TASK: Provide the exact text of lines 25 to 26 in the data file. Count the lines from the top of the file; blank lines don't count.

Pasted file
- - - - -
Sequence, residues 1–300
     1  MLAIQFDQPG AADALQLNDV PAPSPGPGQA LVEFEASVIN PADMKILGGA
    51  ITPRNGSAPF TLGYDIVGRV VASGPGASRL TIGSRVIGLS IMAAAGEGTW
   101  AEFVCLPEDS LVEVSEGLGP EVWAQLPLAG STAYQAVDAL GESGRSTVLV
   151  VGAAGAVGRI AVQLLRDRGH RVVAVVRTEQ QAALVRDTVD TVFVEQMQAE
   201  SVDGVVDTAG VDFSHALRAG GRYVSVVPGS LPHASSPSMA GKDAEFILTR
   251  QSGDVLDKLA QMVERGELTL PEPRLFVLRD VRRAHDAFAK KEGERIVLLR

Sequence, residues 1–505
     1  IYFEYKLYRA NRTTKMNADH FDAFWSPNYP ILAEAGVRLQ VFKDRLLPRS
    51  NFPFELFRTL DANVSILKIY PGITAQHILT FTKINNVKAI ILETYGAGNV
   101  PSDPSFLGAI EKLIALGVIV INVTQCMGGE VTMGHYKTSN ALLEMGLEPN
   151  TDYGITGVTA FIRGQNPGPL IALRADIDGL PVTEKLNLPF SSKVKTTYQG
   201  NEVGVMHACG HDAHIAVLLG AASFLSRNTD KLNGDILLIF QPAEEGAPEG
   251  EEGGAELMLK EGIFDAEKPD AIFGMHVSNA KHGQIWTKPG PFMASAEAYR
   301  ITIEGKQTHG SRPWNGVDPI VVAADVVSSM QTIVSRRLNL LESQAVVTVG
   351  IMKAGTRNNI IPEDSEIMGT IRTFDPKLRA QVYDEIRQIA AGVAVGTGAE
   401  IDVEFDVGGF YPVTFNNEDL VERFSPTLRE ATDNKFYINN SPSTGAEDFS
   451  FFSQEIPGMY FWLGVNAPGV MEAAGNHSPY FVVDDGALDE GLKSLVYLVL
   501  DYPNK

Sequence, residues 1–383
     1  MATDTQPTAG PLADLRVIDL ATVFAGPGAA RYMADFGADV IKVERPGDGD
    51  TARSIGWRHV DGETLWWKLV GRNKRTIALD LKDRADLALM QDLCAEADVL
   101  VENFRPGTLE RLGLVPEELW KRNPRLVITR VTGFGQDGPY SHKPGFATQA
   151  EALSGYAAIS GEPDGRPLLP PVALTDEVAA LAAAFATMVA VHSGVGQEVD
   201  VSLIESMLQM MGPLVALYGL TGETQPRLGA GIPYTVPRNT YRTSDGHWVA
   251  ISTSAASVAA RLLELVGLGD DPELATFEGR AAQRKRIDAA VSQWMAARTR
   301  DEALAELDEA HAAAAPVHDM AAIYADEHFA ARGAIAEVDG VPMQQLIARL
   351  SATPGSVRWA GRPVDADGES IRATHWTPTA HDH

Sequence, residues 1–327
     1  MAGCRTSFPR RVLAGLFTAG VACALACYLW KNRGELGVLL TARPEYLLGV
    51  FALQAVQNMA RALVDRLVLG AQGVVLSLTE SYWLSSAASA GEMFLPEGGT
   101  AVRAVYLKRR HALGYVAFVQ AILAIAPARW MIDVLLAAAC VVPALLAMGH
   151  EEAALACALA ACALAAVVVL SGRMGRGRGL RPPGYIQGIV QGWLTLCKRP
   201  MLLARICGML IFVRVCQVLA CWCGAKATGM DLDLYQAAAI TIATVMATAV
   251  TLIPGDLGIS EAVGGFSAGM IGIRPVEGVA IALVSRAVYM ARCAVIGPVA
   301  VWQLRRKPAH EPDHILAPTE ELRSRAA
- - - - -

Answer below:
   201  VSLIESMLQM MGPLVALYGL TGETQPRLGA GIPYTVPRNT YRTSDGHWVA
   251  ISTSAASVAA RLLELVGLGD DPELATFEGR AAQRKRIDAA VSQWMAARTR